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# ds#positive integer

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SVP
Joined: 28 May 2005
Posts: 1705
Location: Dhaka

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30 Sep 2005, 11:14
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OA to be followed....
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hey ya......

VP
Joined: 22 Aug 2005
Posts: 1112
Location: CA

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30 Sep 2005, 12:08
C.
r = 0
here is partial explanation:

question stem:
(n-1) * (n+1) = r (mod 24) , 0 <= r < 24, or
n^2 - 1 = r (mod 24) or
24 / n^2 -1 -r where 0 <= r < 24

the only thing i remember is that any number of the form (n^2 - 1) is divisible by 24 if n is prime > 3.

(1) and (2) confirms that n is prime and is > 3

when 24/n^2-1, r will be 0

Last edited by duttsit on 30 Sep 2005, 13:30, edited 1 time in total.
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Joined: 28 Dec 2004
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Schools: Wharton'11 HBS'12

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30 Sep 2005, 12:10
Ok lets see....

if we have (n-1)n(n+1) well one of them is definetly a multiple of 3....

so (1) says 2 is not a factor of n...

well we know that [(n-1)(n)(n+1)]/24= 1/8 [(n-1)(n+1)] well we know then that (n-1)(n+1) both have at least three factors of 2....so the remainder r =0....

sufficient.

(11)
3 is not a factor of n...well then it means either N-1 or N+1 is a factor of 3...so we have n as a factor of 2...but we dont know anything about n+1 or n vice versa....so insufficient....we cant tell how many factors of 2 are there in n+1....

A it is...
Director
Joined: 27 Dec 2004
Posts: 897

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30 Sep 2005, 12:59
fresinha12 wrote:
Ok lets see....

if we have (n-1)n(n+1) well one of them is definetly a multiple of 3....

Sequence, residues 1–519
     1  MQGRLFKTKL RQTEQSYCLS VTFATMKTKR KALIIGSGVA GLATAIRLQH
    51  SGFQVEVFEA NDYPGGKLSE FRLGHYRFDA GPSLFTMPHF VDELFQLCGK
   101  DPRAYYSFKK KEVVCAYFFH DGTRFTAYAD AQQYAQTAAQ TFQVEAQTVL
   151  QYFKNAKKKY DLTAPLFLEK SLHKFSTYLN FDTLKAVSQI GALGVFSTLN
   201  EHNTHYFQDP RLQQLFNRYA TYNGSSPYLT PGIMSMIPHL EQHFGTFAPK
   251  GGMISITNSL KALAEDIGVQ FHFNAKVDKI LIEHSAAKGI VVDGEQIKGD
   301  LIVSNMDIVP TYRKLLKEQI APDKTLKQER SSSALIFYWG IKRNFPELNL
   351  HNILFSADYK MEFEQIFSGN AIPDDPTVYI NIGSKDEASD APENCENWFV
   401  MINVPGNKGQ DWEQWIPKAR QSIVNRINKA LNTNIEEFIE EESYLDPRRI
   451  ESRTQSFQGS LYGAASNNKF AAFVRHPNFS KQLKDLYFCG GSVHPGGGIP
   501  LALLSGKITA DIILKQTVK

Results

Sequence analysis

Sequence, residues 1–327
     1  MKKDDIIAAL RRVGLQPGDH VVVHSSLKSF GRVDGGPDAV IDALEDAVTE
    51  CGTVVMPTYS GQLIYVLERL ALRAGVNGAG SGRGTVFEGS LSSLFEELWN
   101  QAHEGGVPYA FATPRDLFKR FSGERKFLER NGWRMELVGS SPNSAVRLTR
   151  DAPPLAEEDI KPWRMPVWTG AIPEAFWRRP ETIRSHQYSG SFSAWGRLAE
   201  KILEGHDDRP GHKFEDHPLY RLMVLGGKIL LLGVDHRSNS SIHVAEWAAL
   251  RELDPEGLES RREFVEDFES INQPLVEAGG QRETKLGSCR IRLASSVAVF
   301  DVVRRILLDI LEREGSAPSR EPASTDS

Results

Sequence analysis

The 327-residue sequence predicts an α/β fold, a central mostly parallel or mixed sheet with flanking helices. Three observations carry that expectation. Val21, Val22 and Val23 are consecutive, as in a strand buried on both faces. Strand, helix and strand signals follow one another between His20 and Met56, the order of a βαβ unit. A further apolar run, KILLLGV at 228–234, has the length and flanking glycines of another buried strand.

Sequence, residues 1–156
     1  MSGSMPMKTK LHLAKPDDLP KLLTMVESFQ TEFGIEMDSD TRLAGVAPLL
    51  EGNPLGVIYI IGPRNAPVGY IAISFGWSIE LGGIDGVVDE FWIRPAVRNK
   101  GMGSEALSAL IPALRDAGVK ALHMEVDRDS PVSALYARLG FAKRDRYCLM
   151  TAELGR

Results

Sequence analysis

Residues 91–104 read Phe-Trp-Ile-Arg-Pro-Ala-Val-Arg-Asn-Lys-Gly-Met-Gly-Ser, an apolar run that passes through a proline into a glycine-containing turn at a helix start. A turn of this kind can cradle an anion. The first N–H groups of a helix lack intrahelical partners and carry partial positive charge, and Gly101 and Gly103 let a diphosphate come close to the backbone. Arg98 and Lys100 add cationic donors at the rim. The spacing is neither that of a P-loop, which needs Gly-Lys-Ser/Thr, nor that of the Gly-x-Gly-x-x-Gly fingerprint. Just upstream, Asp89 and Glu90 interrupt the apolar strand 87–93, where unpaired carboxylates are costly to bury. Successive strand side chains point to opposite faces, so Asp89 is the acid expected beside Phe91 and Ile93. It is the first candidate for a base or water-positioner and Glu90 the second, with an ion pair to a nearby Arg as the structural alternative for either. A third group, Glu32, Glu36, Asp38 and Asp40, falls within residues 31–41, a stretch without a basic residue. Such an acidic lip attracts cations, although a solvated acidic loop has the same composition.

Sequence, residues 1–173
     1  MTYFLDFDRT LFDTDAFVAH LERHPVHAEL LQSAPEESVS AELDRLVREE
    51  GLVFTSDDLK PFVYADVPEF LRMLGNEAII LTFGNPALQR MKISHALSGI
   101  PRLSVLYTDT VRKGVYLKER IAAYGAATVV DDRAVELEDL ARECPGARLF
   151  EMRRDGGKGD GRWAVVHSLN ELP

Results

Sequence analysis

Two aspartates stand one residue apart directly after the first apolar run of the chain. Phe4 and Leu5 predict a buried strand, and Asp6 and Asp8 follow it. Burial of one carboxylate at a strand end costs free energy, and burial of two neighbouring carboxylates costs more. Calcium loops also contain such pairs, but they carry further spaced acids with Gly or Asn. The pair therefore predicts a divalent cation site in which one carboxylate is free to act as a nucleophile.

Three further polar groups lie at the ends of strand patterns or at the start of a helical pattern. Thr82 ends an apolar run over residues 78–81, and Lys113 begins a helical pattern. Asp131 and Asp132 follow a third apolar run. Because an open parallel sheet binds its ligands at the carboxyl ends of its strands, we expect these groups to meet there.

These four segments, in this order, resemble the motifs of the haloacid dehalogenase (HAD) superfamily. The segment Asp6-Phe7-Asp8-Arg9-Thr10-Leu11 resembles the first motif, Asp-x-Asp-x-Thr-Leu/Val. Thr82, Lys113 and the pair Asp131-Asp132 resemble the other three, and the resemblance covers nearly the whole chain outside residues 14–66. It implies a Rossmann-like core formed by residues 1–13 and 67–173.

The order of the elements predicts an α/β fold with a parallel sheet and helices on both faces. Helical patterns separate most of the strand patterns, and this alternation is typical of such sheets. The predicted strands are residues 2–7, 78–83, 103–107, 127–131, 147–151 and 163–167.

so (1) says 2 is not a factor of n...

well we know that [(n-1)(n)(n+1)]/24= 1/8 [(n-1)(n+1)] well we know then that (n-1)(n+1) both have at least three factors of 2....so the remainder r =0....

sufficient.

(11)
3 is not a factor of n...well then it means either N-1 or N+1 is a factor of 3...so we have n as a factor of 2...but we dont know anything about n+1 or n vice versa....so insufficient....we cant tell how many factors of 2 are there in n+1....

A it is...

Freshina12, the stem says (n+1) (n-1). thus C it is
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01 Oct 2005, 13:16
Can you guys explain it little more.....
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hey ya......

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01 Oct 2005, 13:43
nakib77 wrote:
Can you guys explain it little more.....

I don't know if this is the easiest way to explain .. but from the stem..
For any number n>0 => (n-1)(n+1) has to be a factor of either 2 or 3 or both (plug some random values.. say n =59 => (58)(60) =>2,3,6 factors or say n=26 =>(25)(27) => 3 is a factor)

1) 2 is not a factor of n, out example of 59 shows r will be 0 but [edited: should consider something greater than 24] n=27, (26)(28) r is not zero. Insuff
2) 3 say n=26, (25)(27) divided by 24 will give some remainder r but this value again varies for every even value of n you consider. Insuff.

1&2 ... picking numbers is easy (since it cannot be a multiple of 2,3 or 6) ... say 49.. i.e. (48)(50) => r=0, or n=121 (120)(122) => r=0. So r=0 now for all values on n which is not a multiple of 2,3,6.

May not be the best explanation...But hope that helps.
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01 Oct 2005, 17:06
duttsit wrote:
the only thing i remember is that any number of the form (n^2 - 1) is divisible by 24 if n is prime > 3.

That's a real nice tip. Didn't know that.
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Joined: 03 Aug 2005
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03 Oct 2005, 05:00
Why is n = 1 excluded?

1 is a positive integer and 2 and 3 are not factors of 1.
Senior Manager
Joined: 15 Apr 2005
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Location: India, Chennai
Re: ds#positive integer [#permalink]

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04 Oct 2005, 03:15
nakib77 wrote:
OA to be followed....

My answer is A. The equn can be simplified as n^2 -1

From 1, 2 is not a factor of n. which mean n has to be odd.
If n = 3 then n ^2 -1 = 8 when divided by 24 gives the remanider 8.
If n = 5 then n ^ 2 - 1 = 24 gives the remainder 0.
If n = 7 then n ^ 2 - 1 = 48 gives the remainder 0.

So n should be 3.

From 2, 3 is not a factor of n. so either n or n+1 should be a factor of 2. This leaves us with more than one answer to choose. So B is not sufficient.

Hence my answer is A.
Re: ds#positive integer   [#permalink] 04 Oct 2005, 03:15
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# ds#positive integer

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